Urth Noe e Tat: The Question of Fosterage in High Medieval Wales
By Katharine Anderson
North American Journal of Welsh Studies, Vol.4:1 (Winter 2004)
Introduction: Fosterage has long been considered a key component of medieval childrearing in the Celtic regions. A large body of Irish linguistic, legal and literary evidence has given us a fairly clear picture of the institution of fosterage as it existed in early medieval Ireland. However, for Wales the situation is much less clear. There are only a few scattered references in Welsh literature and, despite a lengthy tract devoted to the upbringing of children, almost no references to fosterage in the medieval Welsh legal texts.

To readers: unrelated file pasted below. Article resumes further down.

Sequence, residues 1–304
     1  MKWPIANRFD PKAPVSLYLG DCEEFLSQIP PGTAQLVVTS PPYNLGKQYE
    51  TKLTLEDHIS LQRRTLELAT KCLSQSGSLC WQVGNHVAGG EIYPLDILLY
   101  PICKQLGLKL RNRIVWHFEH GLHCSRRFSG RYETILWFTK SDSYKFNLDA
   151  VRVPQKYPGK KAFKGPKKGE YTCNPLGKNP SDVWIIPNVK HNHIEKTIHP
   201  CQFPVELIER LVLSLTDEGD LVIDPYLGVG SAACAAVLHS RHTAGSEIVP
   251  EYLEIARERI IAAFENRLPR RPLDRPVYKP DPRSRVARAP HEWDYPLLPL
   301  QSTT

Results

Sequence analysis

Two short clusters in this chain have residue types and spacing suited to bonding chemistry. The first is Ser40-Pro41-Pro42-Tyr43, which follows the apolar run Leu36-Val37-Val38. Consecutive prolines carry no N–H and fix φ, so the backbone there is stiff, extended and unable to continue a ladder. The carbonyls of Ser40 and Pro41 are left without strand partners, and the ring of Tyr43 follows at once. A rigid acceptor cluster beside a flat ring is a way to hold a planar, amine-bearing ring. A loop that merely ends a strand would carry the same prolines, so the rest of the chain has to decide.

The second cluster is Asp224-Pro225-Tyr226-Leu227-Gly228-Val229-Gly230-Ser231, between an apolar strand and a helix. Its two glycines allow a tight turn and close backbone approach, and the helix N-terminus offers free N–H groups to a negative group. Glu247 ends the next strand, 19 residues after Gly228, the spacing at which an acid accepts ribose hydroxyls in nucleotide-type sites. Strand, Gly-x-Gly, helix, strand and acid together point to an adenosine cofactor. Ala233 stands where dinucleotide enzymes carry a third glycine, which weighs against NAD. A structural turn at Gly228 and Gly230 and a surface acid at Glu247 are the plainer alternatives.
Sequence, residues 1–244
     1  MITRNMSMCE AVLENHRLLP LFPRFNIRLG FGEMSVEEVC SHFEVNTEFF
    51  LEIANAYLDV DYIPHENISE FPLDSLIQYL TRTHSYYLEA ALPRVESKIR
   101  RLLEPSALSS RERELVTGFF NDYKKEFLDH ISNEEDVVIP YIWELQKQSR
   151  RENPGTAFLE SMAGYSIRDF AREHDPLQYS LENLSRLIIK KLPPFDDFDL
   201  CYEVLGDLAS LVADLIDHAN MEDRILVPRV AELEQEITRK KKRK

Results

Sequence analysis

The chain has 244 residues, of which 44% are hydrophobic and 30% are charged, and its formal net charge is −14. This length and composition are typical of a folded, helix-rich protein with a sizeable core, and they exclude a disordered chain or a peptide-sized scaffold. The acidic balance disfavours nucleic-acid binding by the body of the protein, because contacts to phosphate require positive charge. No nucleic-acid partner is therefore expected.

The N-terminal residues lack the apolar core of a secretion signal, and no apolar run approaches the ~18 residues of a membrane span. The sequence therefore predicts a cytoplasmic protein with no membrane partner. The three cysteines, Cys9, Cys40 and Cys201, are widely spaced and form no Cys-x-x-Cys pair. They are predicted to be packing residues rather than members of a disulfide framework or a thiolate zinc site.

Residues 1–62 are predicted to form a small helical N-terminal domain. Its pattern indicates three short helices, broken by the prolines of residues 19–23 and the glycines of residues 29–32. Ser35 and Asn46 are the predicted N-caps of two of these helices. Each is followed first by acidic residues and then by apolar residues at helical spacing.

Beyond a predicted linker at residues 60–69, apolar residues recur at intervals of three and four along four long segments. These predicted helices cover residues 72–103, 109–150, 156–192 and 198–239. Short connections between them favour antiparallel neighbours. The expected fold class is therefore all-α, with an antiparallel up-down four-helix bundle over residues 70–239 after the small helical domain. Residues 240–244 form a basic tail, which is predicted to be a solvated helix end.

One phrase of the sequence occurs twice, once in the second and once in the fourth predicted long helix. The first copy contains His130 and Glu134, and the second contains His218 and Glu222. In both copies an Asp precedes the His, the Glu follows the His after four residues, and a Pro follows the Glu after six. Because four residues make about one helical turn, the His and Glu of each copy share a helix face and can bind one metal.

Since many works of scholarship, particularly those exploring the Early Middle Ages, have tended to focus on the linguistic, legal and literary commonalities between Ireland and Wales, it is perhaps not surprising that scholars have used Irish evidence to fill in the blanks for Wales in regards to fosterage. Utilizing evidence from both regions has led many scholars to conclude that the practice of fosterage in medieval Wales was quite similar to the practice in Ireland and that the custom persisted in Wales well into the twelfth century.